This Week in Blu-ray / DVD Releases: American Sniper, Hot Tub Time Machine 2

Last Updated on August 5, 2021

This Week: The box office champ of 2014, a Hot Tub Time Machine sequel even Motley Lou can’t save, and the zombie beaver movie the Academy overlooked.

► Hands up if you pegged AMERICAN SNIPER as the biggest movie of 2014. So…everyone then? Clint Eastwood’s out-of-nowhere blockbuster was both blasted and beloved, depending what side of the political debate you sat on. Either way, you and everyone you know had to see it. In that regard, Eastwood delivered the goods – at least during the incredibly tense battle scenes and moments when sniper Chris Kyle (Bradley Cooper) needs to put a bullet in someone’s head or a whole bunch of Americans die. Cooper is so good here you’ll wish Eastwood expanded the landscape a bit to show the real toll of what he did (150 confirmed kills). Likewise, his wife (Sienna Miller) and child back home feel like an anchor instead of the balance to Kyle’s story. But even as you gripe at the film’s simplistic approach – Kyle must face his sharp-shooting Iraqi adversary in the end – it’s one of Eastwood’s most engrossing films. Blu-ray includes a feature on the journey from book to screen.

► Filed under ‘blowing a sure thing,’ HOT TUB TIME MACHINE 2 will have you wondering how a sequel pretty much everyone wanted could go so wrong when they had five years to make it. It wasn’t a rush job. It wasn’t direct-to-DVD. Five years! None of that time was spent luring John Cusack back, and the film never recovers from that sour bit of non-casting. The plot foregoes the relative simplicity of the first film, when they were all stuck in the ‘80s, for time-traveling lunacy as they try to find Lou’s would-be assassin. Adam Scott steps in for Cusack.

► The inmates of ORANGE IS THE NEW BLACK have a new queen to deal with in Season 2. Lorraine Toussaint joins the cast as Taystee’s mom, and starts taking over the prison’s black market dealings while plotting the demise of Red. It’s by far the most interesting part of a ho-hum second season, as the show is already showing signs of struggling with its format. As ‘Oz’ can attest, a prison show needs to constantly shock and regenerate characters to keep fresh. Season 3 starts June 12.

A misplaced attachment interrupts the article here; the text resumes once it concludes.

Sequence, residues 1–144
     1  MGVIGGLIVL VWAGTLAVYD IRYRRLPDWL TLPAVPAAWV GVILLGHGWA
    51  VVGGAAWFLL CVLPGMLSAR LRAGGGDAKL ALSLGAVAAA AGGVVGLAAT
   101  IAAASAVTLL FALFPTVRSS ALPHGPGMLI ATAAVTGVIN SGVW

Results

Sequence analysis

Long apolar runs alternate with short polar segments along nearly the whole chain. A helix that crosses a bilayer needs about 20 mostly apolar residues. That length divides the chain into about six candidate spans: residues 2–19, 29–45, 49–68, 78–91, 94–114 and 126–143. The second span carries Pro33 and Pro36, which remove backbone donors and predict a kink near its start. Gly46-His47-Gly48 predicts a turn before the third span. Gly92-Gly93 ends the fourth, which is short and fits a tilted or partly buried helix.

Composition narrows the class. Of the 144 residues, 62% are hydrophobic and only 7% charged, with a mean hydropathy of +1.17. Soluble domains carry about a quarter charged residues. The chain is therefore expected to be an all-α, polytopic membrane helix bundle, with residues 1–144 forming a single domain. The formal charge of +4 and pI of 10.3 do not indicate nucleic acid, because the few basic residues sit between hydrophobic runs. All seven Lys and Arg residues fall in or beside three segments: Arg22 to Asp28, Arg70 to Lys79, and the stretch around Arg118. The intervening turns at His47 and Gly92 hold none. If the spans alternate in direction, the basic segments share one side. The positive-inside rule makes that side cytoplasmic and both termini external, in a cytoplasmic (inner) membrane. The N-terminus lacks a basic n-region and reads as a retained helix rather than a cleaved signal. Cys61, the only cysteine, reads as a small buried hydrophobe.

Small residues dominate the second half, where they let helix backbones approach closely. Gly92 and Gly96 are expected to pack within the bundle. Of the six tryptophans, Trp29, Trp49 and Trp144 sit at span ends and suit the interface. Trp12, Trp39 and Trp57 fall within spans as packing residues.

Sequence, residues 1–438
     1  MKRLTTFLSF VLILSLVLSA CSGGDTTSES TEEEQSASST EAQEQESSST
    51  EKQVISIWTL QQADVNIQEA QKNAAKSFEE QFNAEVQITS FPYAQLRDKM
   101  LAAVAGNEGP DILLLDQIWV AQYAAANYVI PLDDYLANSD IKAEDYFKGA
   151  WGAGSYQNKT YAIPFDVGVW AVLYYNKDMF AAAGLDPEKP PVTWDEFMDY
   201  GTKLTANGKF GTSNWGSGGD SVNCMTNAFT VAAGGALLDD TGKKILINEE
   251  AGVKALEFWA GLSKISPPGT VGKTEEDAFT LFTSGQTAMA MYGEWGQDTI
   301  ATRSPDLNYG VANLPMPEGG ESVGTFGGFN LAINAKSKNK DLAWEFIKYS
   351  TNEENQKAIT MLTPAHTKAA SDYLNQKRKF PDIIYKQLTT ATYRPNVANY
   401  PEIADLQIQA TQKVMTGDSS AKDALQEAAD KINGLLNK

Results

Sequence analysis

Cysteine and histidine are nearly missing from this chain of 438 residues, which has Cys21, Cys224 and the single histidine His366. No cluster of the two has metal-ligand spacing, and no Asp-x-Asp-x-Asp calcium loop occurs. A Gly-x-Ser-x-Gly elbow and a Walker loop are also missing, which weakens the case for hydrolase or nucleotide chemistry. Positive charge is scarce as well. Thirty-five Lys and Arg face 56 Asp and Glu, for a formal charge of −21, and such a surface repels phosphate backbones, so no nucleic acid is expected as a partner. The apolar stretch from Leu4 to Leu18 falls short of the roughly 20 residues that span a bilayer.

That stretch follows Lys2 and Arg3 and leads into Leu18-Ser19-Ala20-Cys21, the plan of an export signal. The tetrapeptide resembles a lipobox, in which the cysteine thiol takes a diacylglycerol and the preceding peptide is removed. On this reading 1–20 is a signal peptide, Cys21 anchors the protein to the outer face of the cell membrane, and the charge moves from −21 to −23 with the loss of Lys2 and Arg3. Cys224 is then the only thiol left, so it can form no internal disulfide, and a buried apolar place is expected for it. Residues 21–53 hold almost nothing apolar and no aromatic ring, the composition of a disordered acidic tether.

► Maybe the best horror comedy since ‘Cabin Fever,’ ZOMBEAVERS gloriously lives up to its title. Your standard dumb college kids take a weekend retreat at a cottage, where they’re ambushed by a horde of undead beavers turned into flesheaters by a chemical spill. If that sounds amazingly stupid, that’s the point – the best horror satires can lampoon the genre while still delivering some scares.

► Considering the pure crap she would subsequently make, it’s easy to forget Bette Midler made one of the greatest debuts in movie history. THE ROSE is a raw nerve of a musical, based not-so-loosely on the shortened life of Janis Joplin and boasting an absolute killer performance by Midler. The Criterion Collection blu-ray includes commentary by director Mark Rydell, a new interview with Midler, and an essay by music critic Paula Mejia. The still great soundtrack was also the peak of Midler’s career. This entire movie was lightning in a bottle.

► While it’s nowhere near as popular as ‘Downton Abbey’ in North America, BBC’s CALL THE MIDWIFE actually gets better ratings back home in Britain. Season 4 is the first without star Jessica Raine, with some new faces (Charlotte Ritchie and Linda Bassett) filling Nonnatus House as the 1960s begin. It’s hardly a brutal show, but most every episode takes an emotional toll – the impoverished kids and women the nuns and midwives encounter makes for tough viewing most episodes.

► As annoying as it was – and at its peak, it was insufferable – at least GLEE didn’t overstay its welcome. The show’s spirit was sapped after the death of star Cory Monteith, and creator Ryan Murphy wisely pulled the plug after six seasons. Perhaps he learned his lesson prolonging ‘Nip/Tuck’ past the point of parody. The final 13 episodes find Rachel (Michele Lea) returning to Lima after the failure of her TV show, an invitational to relaunch the New Directions, and a two-hour finale which shows everyone’s lives in 2020. The COMPLETE SERIES is also released this week if you want to relive all 121 episodes and (God help me) 728 music performances.

► Russian director Andrey Zvyagintsev’s LEVIATHAN, nominated for Best Foreign Film at this year’s Oscars, is the somewhat biblical tale of a shady mayor trying to expropriate the land of an alcoholic simpleton (Alexai Serebriakov). As we see the mistakes of his life revisited, he hires an old army friend as his lawyer to blackmail the mayor, which of course goes tragically wrong. Won Best Screenplay at least year’s Cannes.

Also out this week:





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